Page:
I apologized to you no less than 3 (three) times which you didn't accept. My wife comped your order. You still continued with the scene. And told me basically to get out of my own store! Sat there, and kept on another five minutes.

Understand that we will not be yelled at, harrassed or threatened by anyone. We treat all of our customers with respect and expect the same. This is the way adults behave.

You and your dog (and I have one too.) are always welcome in Boogie Burger - and I have seen that you've been back. I haven't even had the pleasure of meeting you and getting your name. My name is Mark Radford and I look forward to putting this behind us.

(I'm only posting this as "anon" because it won't let me put my name.

I'm posting this in fairness. My original entry was responding to this, but it's mostly re-stating the true account I posted earlier.

I think Mr. Radford is describing a very different situation. Though it's important to note that he early on recognized it was a service dog, but still tried to either kick us out of the restaurant or get us to leave after ordering.

And yes, I have been back since the incident, once. I've also eaten at Mr. Dan's, another local burger joint, several times, times I could've gone to Boogie Burger but didn't.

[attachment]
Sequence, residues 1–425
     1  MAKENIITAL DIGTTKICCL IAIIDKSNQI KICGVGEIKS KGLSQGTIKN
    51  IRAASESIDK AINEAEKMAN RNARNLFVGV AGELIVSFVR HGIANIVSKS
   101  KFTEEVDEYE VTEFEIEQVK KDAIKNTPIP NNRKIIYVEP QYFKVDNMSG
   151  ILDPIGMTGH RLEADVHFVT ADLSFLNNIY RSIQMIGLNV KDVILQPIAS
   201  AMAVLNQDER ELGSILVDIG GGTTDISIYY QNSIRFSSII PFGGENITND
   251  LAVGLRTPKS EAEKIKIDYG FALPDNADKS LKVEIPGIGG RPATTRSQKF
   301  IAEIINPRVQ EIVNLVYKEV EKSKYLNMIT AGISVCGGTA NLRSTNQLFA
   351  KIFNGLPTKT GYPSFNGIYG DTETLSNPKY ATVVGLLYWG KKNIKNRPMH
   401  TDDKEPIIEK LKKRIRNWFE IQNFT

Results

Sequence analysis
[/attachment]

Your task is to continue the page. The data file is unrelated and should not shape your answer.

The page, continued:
I'm currently in touch with Senator Richard Lugar's constitutien services, and they'll put in a request to the Justice Department to determine if action needs to be taken against Boogie Burger or my other entry with Sheriff Harden.

Rich, well connected, white men ask for more money; city contemplates selling golf courses

Not even 72 hours has passed and the Indianapolis Star publishes a "woo-is-me" from the CIB, saying that the ICVA and the Pacers need more money.

The ICVA is the not-for-profit corporation in charge of promoting the convention center. The head, Don Welsh, makes a ridiculous $350,000 a year, and their tax filings reveal they have tons of money in investments. What's more is that they get tons of tax payer money, so it's all going to their ridiculous overhead.

The Pacers just can't afford to stay in Indianapolis unless $15 million or more is picked up. Give me a fucking break. The Simons purchased the Pacers for a complete steal. lists them as very profitable.

The weird part is, Republicans will fight tooth and nail for this, even though the Simons are one of the biggest backers of Democrats.

And in the mean time, Ballard ordered an across the board cut of 5% for all non-police/fire departments in the city. Early in his administrtion, he contemplated selling a number of city parks. Then decided they didn't need to be maintained. And now we're thinking of selling the city-owned golf courses.